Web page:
farm workers

Madi Bolanos / Valley Public Radio

State agencies are partnering with community organizations across the San Joaquin Valley to inform farm workers of their rights at work. They’re taking their message straight to the fields, through a three-day caravan through the Valley. 

On Friday afternoon,  a truck parked along Road 60 in Visalia blared information about workers’ rights in English, Spanish, Punjabi, Mixteco, Triqui and Zapoteco. It told people working in the fields about their right to paid sick leave for COVID-19or following the vaccine, and protection from retaliation. 

Library of Congress

While teaching a history course at Fresno State, professor Ethan Kytle stumbled upon the forgotten history of a farm labor crisis in 1942 that inspired Fresno residents to leave their jobs, and classrooms, in order to work in the fields. Kytle, along with co-author Blain Roberts, wrote about the crisis for the online magazine Boom California. Valley Edition Host Kathleen Schock spoke with them about the conditions that led to this labor shortage.

Community Medical Centers

 

Like in so many places across the U.S., the coronavirus pandemic crept up on the San Joaquin Valley. Some of the region’s first official cases were linked to outbreaks on cruise ships that came into port in March, but as we later learned, the virus was already circulating long beforehand.

Madi Bolanos / KVPR

Armando Celestino walks between rows of grapevines in a Madera County vineyard. He’s handing out small zip lock bags to farm workers filled with hand sanitizer, masks and information on the COVID-19 vaccine. 

Celestino works with Centro Binancional, a community organization that assists those who speak, indigenous languages like Mixtec and Zapotec.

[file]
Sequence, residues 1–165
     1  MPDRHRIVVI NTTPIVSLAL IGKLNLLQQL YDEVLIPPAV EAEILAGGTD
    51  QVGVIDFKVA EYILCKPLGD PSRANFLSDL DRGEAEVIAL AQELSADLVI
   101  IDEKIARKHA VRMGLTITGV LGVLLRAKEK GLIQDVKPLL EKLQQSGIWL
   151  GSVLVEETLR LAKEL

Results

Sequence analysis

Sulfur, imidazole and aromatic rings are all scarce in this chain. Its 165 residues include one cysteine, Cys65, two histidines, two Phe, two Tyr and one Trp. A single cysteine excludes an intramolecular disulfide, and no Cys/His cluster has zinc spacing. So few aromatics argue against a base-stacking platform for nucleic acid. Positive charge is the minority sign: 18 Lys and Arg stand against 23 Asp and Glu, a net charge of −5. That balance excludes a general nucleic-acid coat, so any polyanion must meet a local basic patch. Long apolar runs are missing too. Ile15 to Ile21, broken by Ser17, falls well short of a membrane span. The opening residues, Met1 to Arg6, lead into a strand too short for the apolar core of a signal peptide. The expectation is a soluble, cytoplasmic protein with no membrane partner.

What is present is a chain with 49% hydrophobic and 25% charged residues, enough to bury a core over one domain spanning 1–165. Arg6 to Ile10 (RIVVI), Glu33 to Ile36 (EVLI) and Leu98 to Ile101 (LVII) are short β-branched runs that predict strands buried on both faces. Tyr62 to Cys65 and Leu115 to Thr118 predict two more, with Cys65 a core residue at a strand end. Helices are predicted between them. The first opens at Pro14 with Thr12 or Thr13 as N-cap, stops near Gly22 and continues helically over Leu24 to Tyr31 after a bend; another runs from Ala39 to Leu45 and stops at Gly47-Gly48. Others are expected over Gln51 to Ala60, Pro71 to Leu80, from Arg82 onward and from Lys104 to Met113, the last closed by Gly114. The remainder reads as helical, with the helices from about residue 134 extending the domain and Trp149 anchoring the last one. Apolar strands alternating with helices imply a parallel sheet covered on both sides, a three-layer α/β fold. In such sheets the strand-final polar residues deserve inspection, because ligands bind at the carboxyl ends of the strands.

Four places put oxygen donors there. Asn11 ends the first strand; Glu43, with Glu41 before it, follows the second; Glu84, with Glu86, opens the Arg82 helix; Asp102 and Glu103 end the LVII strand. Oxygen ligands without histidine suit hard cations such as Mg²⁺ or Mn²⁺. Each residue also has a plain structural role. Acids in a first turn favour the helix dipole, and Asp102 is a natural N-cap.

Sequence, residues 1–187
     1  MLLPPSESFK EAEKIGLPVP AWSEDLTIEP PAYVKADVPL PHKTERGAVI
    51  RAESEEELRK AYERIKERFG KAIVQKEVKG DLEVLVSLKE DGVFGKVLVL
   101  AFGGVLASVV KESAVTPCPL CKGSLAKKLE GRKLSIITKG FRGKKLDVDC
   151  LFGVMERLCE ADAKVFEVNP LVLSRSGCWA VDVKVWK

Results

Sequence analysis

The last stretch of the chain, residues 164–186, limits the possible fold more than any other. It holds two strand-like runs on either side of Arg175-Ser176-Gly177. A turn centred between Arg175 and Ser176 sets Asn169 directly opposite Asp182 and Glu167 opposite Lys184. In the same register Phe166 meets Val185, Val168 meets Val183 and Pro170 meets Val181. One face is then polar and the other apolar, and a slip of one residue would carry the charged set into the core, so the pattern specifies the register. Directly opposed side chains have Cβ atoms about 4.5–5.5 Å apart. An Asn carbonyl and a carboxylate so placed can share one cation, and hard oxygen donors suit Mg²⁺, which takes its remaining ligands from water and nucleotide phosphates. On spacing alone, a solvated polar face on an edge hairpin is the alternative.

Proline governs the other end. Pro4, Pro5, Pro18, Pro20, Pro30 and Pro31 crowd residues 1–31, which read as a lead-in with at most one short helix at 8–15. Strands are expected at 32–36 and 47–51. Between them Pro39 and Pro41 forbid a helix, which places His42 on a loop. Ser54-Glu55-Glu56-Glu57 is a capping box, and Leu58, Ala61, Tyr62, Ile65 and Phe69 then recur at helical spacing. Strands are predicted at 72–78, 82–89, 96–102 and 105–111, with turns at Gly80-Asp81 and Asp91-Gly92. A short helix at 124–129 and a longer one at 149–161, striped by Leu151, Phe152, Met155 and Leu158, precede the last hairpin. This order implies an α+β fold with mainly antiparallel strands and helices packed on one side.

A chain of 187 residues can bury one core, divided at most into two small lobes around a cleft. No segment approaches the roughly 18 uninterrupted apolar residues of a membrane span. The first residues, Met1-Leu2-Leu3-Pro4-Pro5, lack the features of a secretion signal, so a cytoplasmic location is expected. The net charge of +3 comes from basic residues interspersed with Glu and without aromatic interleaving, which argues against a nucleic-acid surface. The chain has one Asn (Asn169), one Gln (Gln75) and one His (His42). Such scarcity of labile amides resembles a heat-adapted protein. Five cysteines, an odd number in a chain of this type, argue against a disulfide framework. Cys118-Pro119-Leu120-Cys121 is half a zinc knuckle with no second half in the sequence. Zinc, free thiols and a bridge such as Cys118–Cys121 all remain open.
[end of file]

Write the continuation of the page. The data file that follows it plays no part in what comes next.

On this week's Valley Edition: Farm workers across the San Joaquin Valley are showing high levels of interest in getting the COVID-19 vaccine but they say information about where to go is scarce. 

 

But there is plenty of medical mistrust within communities of color and the reasons are complex. We talk about why.

 

Kerry Klein / Valley Public Radio

During a visit to Fresno on Wednesday, Governor Gavin Newsom said vaccinating the Central Valley against COVID-19 is a “top priority.”

 

Though Newsom was widely expected to announce a new federal government-partnered mass vaccination clinic in the city during his stop at the Fresno Fairgrounds, he instead shared that the state had selected a COVID-19 testing site at Reedley College to be converted into a community vaccination clinic.

 

Joel Martinez

Since the start of the pandemic, 43,000 Californians have officially died due to COVID-19. But a new research paper by a team of epidemiologists at the University of California, San Francisco suggests that the true death toll due to the virus is likely much higher, after studying deaths in California over an 8-month period from March to October.

 

A COVID-19 vaccine clinic at the Fresno County Fairgrounds is now equipped to administer 1,500 shots per day, according to county officials during a press conference on Tuesday.

The clinic, which began operating at reduced capacity on January 6, is open to healthcare workers in Phase 1A of the state’s vaccination schedule, as well as individuals 75 years or older. Appointments are required.

 

On this week's Valley Edition:  Why a state program that provides free COVID-19 hotel rooms to farmworkers is going largely unutilized.  

Plus Pulitzer Prize winning journalist John Branch tells us how wildfires and climate change are endangering California’s most iconic trees.

And a cornerstone of the Armenian community, Hye Quality Bakery, has closed its doors.

On this week's Valley Edition: We look at what will happen to the Fresno nonprofits providing COVID assistance to the community if CARES Act funding disappears at the end of the year.

Plus, a new UC Merced photo exhibition documents the lives and struggles of Central Valley farmworkers in the 1960s. 

And StoryCorps San Joaquin is back with a look at how Fresno’s CMAC got started.

UC Merced, Library and Special Collections: Ernest Lowe Photography Collection

Images captured by photographer Ernest Lowe tell the story of Central Valley farmworkers and the activists who fought for improved conditions in the 1960s. Last year UC Merced hosted an exhibition of some of those photographs, and now has acquired the complete collection - which the university has made available free to the public online.